When your body hurts from making art
Happy October! I am once again making a painting a day this month, following Peachtober prompts. This daily practice can tend to cramp up my hand and shoulder, so today I want to talk about how I prevent RSI, aka repetitive strain injury! Please note that I am not a health professional, just a person who’s spent a lot of time trying different tactics and seeing what works for me ✌️
Though I’ve never been diagnosed with RSI officially, I have had it from time to time in my right hand which can permanently be found in a curled up position. I tend to clench my hand even when I’m sleeping, and it takes conscious effort to unfold and relax it completely.
This is not just from drawing, but from years of death gripping my pencil or pen ever since I learned how to write and felt a compulsion to write my words out as fast as possible. Punch needling also hurts my hand even when using the ergonomic Oxford needle, which is why I don’t do it as often anymore. And of course I spend at least two hours a day on my phone, leading to “texting thumb” and “text neck”!
Here are my tips on how to help with hand, neck, and shoulder pain when making art:
Draw on an inclined / elevated surface. There’s a reason drafting tables are angled! But unless you’re a professional architect or cartoonist, you probably don’t need one of these—you can get a a tabletop easel instead. I got this easel over the summer and really enjoyed using it for my larger paintings. For sketching outside, I recommend propping up your sketchbook on your bag so you’re not hunched over while drawing. I even brought my easel to the park once to sketch and found I had the stamina to draw for much longer that day.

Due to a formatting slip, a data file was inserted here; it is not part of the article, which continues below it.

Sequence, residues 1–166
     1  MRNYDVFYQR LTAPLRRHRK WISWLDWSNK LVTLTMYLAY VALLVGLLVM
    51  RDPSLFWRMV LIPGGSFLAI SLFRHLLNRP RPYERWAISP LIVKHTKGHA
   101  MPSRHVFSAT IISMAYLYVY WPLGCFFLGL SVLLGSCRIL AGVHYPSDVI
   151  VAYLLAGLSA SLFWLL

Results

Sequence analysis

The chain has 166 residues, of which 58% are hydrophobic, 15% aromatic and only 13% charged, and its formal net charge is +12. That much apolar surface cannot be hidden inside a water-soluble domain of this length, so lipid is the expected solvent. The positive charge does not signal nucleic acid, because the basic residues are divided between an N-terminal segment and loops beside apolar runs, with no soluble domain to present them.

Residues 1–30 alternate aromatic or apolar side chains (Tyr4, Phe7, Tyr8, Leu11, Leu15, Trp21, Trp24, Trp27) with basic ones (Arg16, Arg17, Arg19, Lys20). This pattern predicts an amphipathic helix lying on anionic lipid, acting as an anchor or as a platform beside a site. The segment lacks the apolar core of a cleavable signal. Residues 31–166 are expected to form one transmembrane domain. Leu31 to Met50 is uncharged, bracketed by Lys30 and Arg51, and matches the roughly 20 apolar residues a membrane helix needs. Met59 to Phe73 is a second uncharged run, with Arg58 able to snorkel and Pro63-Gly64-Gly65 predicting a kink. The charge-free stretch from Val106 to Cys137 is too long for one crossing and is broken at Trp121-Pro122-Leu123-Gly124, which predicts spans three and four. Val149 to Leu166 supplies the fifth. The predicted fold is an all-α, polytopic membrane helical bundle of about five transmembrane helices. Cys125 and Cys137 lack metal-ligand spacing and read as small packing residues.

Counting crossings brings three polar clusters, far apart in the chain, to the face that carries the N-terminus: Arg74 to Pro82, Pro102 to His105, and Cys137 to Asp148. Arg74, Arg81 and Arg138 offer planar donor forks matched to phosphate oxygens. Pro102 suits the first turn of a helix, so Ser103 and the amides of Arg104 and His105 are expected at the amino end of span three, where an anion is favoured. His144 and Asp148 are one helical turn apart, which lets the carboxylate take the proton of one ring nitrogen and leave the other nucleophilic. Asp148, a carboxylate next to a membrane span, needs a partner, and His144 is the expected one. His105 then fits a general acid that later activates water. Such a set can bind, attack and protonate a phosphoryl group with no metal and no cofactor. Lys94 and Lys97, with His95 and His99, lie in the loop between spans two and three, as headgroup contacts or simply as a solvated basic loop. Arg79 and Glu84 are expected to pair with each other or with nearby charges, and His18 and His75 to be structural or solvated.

For iPad users, you can get a foldable case to prop up your tablet. There’s also this new Darkboard drawing surface on Kickstarter launched by the folks at Astropad. If I did more digital drawing, I would highly consider getting one.
Use a more free flowing pen. The difference in holding a ballpoint pen (even the Muji pen everyone loves) and fountain pen is huge! I love using fountain and brush pens now because I can relax my grip and work loosely. Some pens I love:
Work bigger. Last year’s Peachtober involved a lot of gripping tiny brushes to work on a 3x3” canvas. I still love working in tiny, but have been pushing myself to gradually work bigger which allows me to handle brushes with larger movements originating from my elbow and shoulder instead of my finger or wrist.
For the iPad pencil, get a soft pencil grip. This makes the pencil feel so much nicer and is definitely worth it if you are drawing for more than an hour at a time! Here is the one I use, but there are plenty all over the internet.
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And some more for general pain and ergonomic tips:
Use a laptop stand, external keyboard, and mouse. Having your computer at eye level is so crucial, especially if you are using it all day for work!
Wear indoor slippers or shoes if your feet don’t touch the floor and you don’t work from a height adjustable chair. I am sure this tip sounds very silly to many of you but if you are of shorter height and don’t wear shoes in the house, you may be able to relate. My feet barely graze the floor with most dining chairs built for the average American man, so only with indoor shoes can I sit with proper posture. Otherwise I sit cross legged and hunch over the table, and my hips and back pay the price.
Use a massage ball. I have tried many self-massaging tools (foam roller, massage gun, even the S-shaped stick). These firm lacrosse balls are my latest obsession! They are really great for releasing tension in the hands (roll your palm against the ball on a surface), shoulder and back (use against the wall), and feet (use while stepping on the ball on the floor). They are also great to travel with.
Rest and exercise. The most obvious and crucial tip for last! If you don’t have a regular routine and are looking for ways to improve your posture and core, yoga and pilates are great places to start.
If you’d like to learn more about how to care for your body while drawing or making art, Draw Stronger by Kriota Willberg is a fantastic primer with various stretches, exercises, and other methods for preventing and relieving pain. I found the finger strengthening exercises in the book particularly great.
I hope today’s tips were helpful! Can’t relate to needing any of these advice? Please teach me your ways, I am very jealous. If you’d like to share how you manage or prevent pain while drawing or working, I’d love to hear them too. Any products you use or practices you follow? Let me know in the comments!